Double the battery capacity again to 64kWh and 1000 cycles is now about 240k miles - now you're in a situation where the battery cycle life will almost certainly outlast the mechanics, rust resisting ability of the car and general aging, and it is no longer an issue - the battery will outlast the car.

As battery chemistry improves the cycle life of cells will improve and have improved over those that were put in EV's of the ~2011 era, but even if it hadn't, simply increasing the size of the battery will make it last a lot more miles by lowering the cycle count.

Simon, I quote the above to attract your attention as the most experienced user on the forum.
If you were able to trickle charge the motive battery while in use, say from roof mounted solar panels, it would presumably increase range between charges which is beneficial but would it have a damaging effect on charge cycles and possibly reduce rather than increase battery longevity? :?:

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Re: Bargain Basement Electric

Post by Hell Razor5543 »

When JC and JM (Top Gear) tested a couple of electric cars one of them did have a little solar cell to help take the load off a bit.

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Re: Bargain Basement Electric

Post by Mandrake »

Hell Razor5543 wrote:
01 Dec 2019, 15:26
When JC and JM (Top Gear) tested a couple of electric cars one of them did have a little solar cell to help take the load off a bit.
What car was it ?

Probably a Leaf with the "solar spoiler" option which is a tiny solar panel on the rear spoiler to keep the 12v battery topped up, which does not however charge the main traction battery.

I suspect the only reason its even available as an option (since it won't increase range) is that the Leaf is notorious for not properly charging and caring for the 12 volt battery. I'm not sure if all model years and specs are affected, but the 12 volt battery going flat unexpectedly and/or dying completely and needing replacing after relatively few years is a fairly commonly reported problem of the Leaf on speakev, and it appears to be something to do with it not charging the battery high enough in voltage frequently enough.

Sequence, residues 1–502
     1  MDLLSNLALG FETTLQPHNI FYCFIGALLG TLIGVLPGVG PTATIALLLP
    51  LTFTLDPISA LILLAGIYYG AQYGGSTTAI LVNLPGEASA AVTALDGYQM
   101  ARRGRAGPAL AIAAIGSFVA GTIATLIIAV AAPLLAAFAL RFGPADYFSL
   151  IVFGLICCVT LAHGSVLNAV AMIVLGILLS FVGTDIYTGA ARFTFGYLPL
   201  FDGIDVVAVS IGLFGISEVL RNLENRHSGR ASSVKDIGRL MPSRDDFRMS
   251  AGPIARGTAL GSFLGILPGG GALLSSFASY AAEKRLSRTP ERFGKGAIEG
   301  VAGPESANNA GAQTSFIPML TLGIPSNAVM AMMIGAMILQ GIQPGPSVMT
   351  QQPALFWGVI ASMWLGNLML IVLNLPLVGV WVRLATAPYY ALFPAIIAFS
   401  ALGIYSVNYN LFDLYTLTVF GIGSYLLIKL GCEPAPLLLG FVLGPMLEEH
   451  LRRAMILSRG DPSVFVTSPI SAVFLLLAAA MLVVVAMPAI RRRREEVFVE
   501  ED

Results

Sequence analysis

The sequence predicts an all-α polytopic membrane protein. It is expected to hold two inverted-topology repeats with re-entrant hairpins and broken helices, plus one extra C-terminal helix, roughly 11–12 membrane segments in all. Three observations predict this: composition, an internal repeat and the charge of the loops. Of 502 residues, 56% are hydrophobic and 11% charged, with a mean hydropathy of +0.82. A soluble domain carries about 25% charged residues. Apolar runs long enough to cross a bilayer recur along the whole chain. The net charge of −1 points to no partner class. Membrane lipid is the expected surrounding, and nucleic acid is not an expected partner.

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Re: Bargain Basement Electric

Post by Mandrake »

mickthemaverick wrote:
01 Dec 2019, 12:06
Simon, I quote the above to attract your attention as the most experienced user on the forum.
If you were able to trickle charge the motive battery while in use, say from roof mounted solar panels, it would presumably increase range between charges which is beneficial but would it have a damaging effect on charge cycles and possibly reduce rather than increase battery longevity? :?:
The effect would be negligible I think. The problem with solar panels on an EV is they just aren't efficient enough and there isn't enough square metres of area to put them on, and that which is available is not at an optimal angle to the sun most of the time.

The only EV I know of with a serious amount of solar panels is the Scion, which is still a prototype and not in commercial production. It has a large part of the car covered (roof, doors, bonnet) and as far as I remember the extra range added on a sunny summer day is only on the order of 20 kilometres in favourable conditions, so barely worth it IMHO.

Solar panels are unfortunately only about 20% efficient, and in the application of a car covered in them one surface will be in shadow at any given time producing no output and two others will be at non optimal angles approaching 45 degrees.

Then you have the issue of the car being shaded from the sun by buildings, trees, or being parked indoors. If solar panel efficiency could be increased to say 60% (giving 3x the energy) and they were dirt cheap and a no brainer to fit to the car then sure, but at the moment I think they're just a gimmick for anything other than keeping the 12v battery topped up on a car that is rarely driven. (Thinking of getting a small one for the Xantia for that reason in fact!)

If you really want to run an EV from solar power the best way is home solar with battery storage - those panels can be far larger, aimed at a more appropriate angle to the sun, and be storing energy in a powerwall style battery all day long even if your car is parked in an underground car park at work. And of course the energy can be used around home as well. There are quite a few EV drivers already doing this who can do all their commuting and more from solar power, however the up front cost of solar and home battery storage is still very high meaning a long pay back time that makes it almost not worth doing from a financial sense. If up front costs could be slashed it would become a lot more appealing however.